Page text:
Dead end – prehistoric burials at Wangford quarry

Wangford quarry is located near the Suffolk coast, several miles inland from the resort of Southwold. The quarry occupies a south-facing gravel terrace, overlooking the River Wang and has been a focus for prehistoric archaeology since the Early Neolithic period. Nine Beaker flat grave burials (dating between 2250 and 2100 BC) and a Middle Bronze Age cremation cemetery were some of the most significant results from the excavations.

Archaeologist recording a Beaker grave
Archaeologist recording one of the Beaker graves at Wangford

The Beaker flat graves were found in two groups occupying the highest parts of the quarry area. In the eastern group a large rectangular ‘shaft’ grave had a probable wooden revetment and a timber or wickerwork chamber at its base. At least one other grave was inserted into the top of this ‘shaft’. A small oval pit next to the large grave contained a Beaker ‘cup’ and another diminutive Beaker. Staining across the base of this small grave might represent a body stain. Ground conditions at Wangford were acidic and did not allow the preservation of human bone but the graves were inferred from their shape, size and the presence of whole Beaker pots placed as grave goods.

Beaker burial from Wangford with Beaker 'cup', post ex photo with 1m scale bar
Beaker burial from Wangford with a Beaker vessel

Also part of the eastern group were two substantial, intercutting graves. Both of these graves contained thick dished organic stains across their bases, probably representing coffins (fashioned from hollowed tree trunks?). In each grave a single Beaker pot had been placed. This distinctive highly decorated, orange to red coloured type of pottery (with its elegant sinuous profile) was a feature of the beginning of the Early Bronze Age. The restrictive range of decorative techniques (all over cord or comb impressions or alternating horizontal panels of impressions with blank zones between) suggest an earlier date in the Beaker period. Wangford has also revealed concentrations of Beaker pits with similar styles of pottery decoration, some have been radiocarbon dated to between 2250 and 2100 BC.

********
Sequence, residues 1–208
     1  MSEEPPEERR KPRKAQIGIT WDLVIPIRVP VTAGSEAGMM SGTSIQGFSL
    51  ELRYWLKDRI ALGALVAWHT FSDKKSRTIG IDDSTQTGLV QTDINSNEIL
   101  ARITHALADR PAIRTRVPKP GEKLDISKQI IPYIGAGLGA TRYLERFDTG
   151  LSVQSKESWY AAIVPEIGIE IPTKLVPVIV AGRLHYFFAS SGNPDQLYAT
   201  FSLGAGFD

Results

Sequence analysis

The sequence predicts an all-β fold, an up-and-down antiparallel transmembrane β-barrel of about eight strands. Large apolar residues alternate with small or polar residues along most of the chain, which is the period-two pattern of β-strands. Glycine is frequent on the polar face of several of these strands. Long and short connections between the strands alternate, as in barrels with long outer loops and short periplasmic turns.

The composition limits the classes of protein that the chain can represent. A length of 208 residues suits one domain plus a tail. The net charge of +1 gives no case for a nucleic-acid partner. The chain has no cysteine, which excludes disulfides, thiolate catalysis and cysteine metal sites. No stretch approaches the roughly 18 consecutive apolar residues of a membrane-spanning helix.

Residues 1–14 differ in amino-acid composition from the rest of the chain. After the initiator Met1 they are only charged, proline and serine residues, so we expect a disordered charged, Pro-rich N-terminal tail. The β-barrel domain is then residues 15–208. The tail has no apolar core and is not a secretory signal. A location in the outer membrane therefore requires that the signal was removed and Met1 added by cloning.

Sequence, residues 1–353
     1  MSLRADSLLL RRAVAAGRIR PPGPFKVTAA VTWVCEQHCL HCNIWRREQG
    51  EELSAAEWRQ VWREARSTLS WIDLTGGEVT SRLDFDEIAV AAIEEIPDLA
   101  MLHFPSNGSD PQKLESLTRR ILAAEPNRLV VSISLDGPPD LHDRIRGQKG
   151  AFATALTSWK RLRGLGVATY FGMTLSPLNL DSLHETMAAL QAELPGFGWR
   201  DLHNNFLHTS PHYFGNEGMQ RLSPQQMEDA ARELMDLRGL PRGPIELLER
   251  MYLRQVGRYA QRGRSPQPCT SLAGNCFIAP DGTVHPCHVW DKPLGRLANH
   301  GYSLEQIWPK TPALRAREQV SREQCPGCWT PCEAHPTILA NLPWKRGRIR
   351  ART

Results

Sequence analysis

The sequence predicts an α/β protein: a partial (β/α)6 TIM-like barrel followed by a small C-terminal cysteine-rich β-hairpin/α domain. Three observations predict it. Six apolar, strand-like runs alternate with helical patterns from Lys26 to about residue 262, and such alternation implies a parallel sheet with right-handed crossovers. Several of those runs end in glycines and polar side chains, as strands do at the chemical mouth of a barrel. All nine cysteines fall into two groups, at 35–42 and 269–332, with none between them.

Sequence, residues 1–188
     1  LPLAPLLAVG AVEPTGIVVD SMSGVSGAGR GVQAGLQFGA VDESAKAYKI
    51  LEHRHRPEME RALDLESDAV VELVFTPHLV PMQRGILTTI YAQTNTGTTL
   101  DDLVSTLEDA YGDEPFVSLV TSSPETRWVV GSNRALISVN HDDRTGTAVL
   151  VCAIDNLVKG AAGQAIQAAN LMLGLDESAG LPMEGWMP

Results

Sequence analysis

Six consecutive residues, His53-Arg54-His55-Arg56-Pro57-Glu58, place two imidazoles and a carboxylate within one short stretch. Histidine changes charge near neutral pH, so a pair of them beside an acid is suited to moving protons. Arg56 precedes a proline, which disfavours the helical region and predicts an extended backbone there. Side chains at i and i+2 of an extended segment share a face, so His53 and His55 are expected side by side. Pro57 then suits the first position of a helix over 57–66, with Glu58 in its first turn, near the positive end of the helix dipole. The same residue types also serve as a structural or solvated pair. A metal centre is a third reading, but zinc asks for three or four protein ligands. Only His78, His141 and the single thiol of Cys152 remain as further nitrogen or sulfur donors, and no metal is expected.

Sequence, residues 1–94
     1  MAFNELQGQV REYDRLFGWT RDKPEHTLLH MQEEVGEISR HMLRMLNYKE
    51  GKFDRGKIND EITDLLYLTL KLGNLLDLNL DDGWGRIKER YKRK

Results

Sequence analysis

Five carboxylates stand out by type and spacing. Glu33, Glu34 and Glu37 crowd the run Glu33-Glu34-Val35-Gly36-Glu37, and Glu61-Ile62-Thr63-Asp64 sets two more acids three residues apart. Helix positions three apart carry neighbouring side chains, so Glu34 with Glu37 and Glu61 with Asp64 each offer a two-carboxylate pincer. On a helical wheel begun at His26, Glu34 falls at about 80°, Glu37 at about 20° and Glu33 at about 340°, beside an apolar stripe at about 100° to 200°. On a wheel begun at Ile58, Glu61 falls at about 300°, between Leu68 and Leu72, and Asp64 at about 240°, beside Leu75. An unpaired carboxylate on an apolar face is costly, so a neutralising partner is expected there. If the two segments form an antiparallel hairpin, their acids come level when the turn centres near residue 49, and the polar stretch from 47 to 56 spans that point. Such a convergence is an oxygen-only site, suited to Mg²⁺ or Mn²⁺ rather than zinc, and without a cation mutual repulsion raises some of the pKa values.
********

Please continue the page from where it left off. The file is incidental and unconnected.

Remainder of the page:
The western group of Beaker flat graves was far less well preserved as this area was subject to intense use and disturbance in later periods. The most elaborate grave in this group revealed a rectangular tray-like organic stain, interpreted as a bier or platform for the body. Two complete Beaker pots were placed in this grave. At some point during the subsequent Early Bronze Age, a ring-ditch was dug, probably to create a burial mound (although unfortunately the majority of this monument was located beyond the limits of the excavation). Interestingly, this ring-ditch had cut and damaged the two-Beaker grave (indicating that the precise location of the grave had been forgotten – but the significance of the general area for purposes of burial might have been remembered).

Archaeolgst prepare a Middle Bronze Age urn to be lifted, the urn is wrapped and cling film and a cushioned box in next to them
Archaeologists prepare a Middle Bronze Age urn to be lifted

It appears that the ring-ditch (or its burial mound, now ploughed flat) became the focus for a Middle Bronze Age cremation cemetery with groups of cremation burials located to the south-east of the former monument. This cemetery has been radiocarbon dated to between 1300 and 1100 BC. Nearly forty burials were uncovered and there is a strong likelihood that more cremation pits extended beyond the excavation area.

Nearly half of the cremated remains had been placed within large, bucket and barrel-shaped urns, belonging to the Ardleigh pottery tradition (normally associated with Essex and south Suffolk, so these represent northern outliers). Many of the urns were decorated with fingertip or finger-pinched designs,sometimes with applied horizontal strips or ‘cordons’. Many of the urns had been ‘inverted’ (placed upside down) so some kind of lid or organic stopper must have been placed over their openings. Those burials not within urns were probably placed in organic containers.

Middle Bronze Age cremation urn under excavation
Middle Bronze Age cremation urn under excavation

Detailed analysis of the highly fragmented and burnt human bone by Sue Anderson has identified at least fifty individuals. Although most burials contained just a single individual, some contained two or more people. One cremation burial held four or five individuals. A whole community appears to have been represented here with infants, juveniles and adults present. Many of the adults could be sexed, with roughly equal splits between men and women. Young, mature and elderly adults of both sexes were also recognised.

No pyre sites have so far been identified so the individuals may have been cremated elsewhere and their remains brought back to their ancestral resting place. The use of this location at Wangford for over one thousand years of burial, from the Beaker period to the Middle Bronze Age, shows the significance of the place for past communities who brought their dead to be buried alongside their kinfolk.

The excavations were part of a planned programme of archaeological works for the quarry operator. The current analysis is being funded by Breedon Group.

Jezz Meredith
Senior Publications Officer

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